George Will sounds a pessimistic note on the emergence of democracy in China:
Real Change In China?, by George F. Will, Commentary, Washington Post: The phrase "regime change" is associated with the doctrine of preventive war as applied to Iraq. But another sort of regime change has been the crux of U.S. policy toward China through most of the 35 years since President Richard Nixon's opening to that nation in 1972.
Since the Tiananmen Square massacre in 1989, the objective of U.S. policy has been ... the steady subversion of China's repressive regime. The cure for communism is supposed to be commerce with the capitalist world...
The theory, which is more than wishful thinking, is that capitalism ineluctably brings about an ever-broader dispersal of information and decision-making, and requires an ethic of trust and a legal regime of promise-keeping (contracts). Those who subscribe to this theory can take some comfort from China's recent strengthening of protections of private property, which gives a sphere of sovereignty to individuals whose appetite for sovereignty, once whetted, might become a demand for a politics of popular sovereignty.
But suppose this is not so. Suppose James Mann is right to dismiss all this as the Soothing Scenario. In his new book, ... Mann [argues] business and other advocates of the Soothing Scenario use what Mann calls "the lexicon of dismissal" to refute skeptics like him: Skeptics are being "provocative" when they engage in "China bashing" that reflects a "Cold War mentality." But although the theory is that "engagement" with China will change China, Mann wonders: Who is changing whom?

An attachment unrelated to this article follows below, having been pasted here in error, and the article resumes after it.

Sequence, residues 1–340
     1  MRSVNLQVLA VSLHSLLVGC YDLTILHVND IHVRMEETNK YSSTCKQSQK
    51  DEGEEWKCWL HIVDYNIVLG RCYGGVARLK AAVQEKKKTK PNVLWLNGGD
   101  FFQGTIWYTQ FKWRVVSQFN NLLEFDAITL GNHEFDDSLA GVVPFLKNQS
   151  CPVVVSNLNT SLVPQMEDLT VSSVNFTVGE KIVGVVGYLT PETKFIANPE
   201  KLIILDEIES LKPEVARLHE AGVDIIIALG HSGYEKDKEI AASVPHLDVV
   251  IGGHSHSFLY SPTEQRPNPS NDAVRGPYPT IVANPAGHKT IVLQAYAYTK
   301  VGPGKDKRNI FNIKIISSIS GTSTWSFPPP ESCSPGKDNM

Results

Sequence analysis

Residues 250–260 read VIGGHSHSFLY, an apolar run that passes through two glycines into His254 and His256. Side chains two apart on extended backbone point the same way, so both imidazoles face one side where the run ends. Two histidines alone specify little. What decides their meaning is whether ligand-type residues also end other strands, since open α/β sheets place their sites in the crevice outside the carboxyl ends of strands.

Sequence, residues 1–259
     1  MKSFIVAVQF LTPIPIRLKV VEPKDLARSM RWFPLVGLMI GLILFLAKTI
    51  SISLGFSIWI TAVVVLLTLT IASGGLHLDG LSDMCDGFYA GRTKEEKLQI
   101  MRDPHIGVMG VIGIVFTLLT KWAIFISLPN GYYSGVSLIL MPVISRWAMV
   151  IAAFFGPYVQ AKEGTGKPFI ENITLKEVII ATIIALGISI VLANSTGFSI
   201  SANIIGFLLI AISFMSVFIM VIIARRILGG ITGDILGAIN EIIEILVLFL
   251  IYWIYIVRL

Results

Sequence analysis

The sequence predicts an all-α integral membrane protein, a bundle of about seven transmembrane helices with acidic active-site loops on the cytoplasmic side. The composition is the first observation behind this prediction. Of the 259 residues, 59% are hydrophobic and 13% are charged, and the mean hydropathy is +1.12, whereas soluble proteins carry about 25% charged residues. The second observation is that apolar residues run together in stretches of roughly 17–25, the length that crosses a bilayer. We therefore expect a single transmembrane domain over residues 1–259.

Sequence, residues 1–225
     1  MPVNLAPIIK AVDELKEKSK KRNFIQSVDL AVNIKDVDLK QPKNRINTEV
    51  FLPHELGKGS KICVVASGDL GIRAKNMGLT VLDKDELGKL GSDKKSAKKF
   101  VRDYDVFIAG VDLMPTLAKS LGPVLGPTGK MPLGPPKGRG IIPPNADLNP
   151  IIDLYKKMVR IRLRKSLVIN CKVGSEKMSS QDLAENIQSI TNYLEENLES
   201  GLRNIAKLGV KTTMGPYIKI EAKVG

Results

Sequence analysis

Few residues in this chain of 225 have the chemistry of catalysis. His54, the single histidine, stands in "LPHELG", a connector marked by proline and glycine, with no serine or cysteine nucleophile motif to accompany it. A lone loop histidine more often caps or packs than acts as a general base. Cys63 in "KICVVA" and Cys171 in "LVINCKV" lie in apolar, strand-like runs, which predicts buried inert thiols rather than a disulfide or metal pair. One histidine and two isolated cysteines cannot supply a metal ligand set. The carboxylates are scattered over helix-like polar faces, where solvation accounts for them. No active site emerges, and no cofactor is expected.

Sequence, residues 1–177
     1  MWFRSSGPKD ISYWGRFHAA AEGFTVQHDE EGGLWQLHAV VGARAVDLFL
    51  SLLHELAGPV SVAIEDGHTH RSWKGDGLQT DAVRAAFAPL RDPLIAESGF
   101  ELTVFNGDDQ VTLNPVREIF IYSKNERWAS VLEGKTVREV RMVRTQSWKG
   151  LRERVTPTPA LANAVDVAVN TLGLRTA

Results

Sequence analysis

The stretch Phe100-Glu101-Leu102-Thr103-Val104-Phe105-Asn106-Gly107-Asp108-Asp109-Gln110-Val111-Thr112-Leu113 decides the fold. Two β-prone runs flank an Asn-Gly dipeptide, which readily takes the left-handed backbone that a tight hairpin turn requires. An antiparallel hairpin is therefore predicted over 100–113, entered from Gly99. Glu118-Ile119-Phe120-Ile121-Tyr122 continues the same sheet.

The Soothing Scenario says: Tyranny requires intellectual autarky and the conscription of the public's consciousness, which is impossible now that nations are porous to cellphones and the Internet. But Mann says companies such as Microsoft, Google and Yahoo are cooperating with the government's censorship and security monitoring.
Mann warns against "McDonald's triumphalism," the belief that because the Chinese increasingly eat like us, they are becoming like us. That is related to "the Starbucks fallacy" -- the hope that as the Chinese become accustomed to many choices of coffee, they will demand more political choices.
His most disturbing thesis is that "the newly enriched, Starbucks-sipping, apartment-buying, car-driving denizens" of the large cities that American visitors to China see will be not the vanguard of democracy but the opposition to it. There may be 300 million such denizens, but there are 1 billion mostly rural and very poor Chinese. Will the minority prospering economically under a Leninist regime think majority rule is in their interest?
Mann is rightly disdainful of many meretricious and economically motivated arguments that American elites offer for the Soothing Scenario. In his polemical mood, however, he probably underestimates the autonomous and transformative power of today's commercial culture. ...
I'm more hopeful for China than that. Here's more on this topic:
- Economics and Democracy: James Galbraith reviews two books on the link between economics and democracy:
- Capitalism and Democracy: Has capitalism planted the seeds of inevitable democracy in China?:Will China’s Capitalist Revolution Turn Democratic, by Minxin Pei, Project Syndicate: Communist China has experienced a monumental capitalist revolution in the last two decades ... But if ... you think that so much capitalist development must also have brought more democracy to China, think again.
- Does Capitalism Need Democracy to Survive?: Brad DeLong finds Robert Reich thinking more about China: China: Capitalism Doesn't Require Democracy : by Robert B. Reich
And, closely related:
- Econoblog: Is Democracy the Best Setting For Strong Economic Growth?: This WSJ Econoblog features Ed Glaeser and Daron Acemoglu discussing the relationship between political freedom and economic growth.